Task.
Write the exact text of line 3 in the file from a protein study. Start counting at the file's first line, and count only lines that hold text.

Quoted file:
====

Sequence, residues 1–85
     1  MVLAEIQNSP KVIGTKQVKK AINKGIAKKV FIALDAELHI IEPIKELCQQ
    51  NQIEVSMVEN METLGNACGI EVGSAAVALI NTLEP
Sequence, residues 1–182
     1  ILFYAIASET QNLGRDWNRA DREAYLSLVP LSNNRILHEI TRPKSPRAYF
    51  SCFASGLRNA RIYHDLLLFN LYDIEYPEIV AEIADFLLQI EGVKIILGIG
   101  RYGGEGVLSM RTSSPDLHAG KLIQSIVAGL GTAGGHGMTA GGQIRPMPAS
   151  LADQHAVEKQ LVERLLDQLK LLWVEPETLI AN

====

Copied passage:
    51  NQIEVSMVEN METLGNACGI EVGSAAVALI NTLEP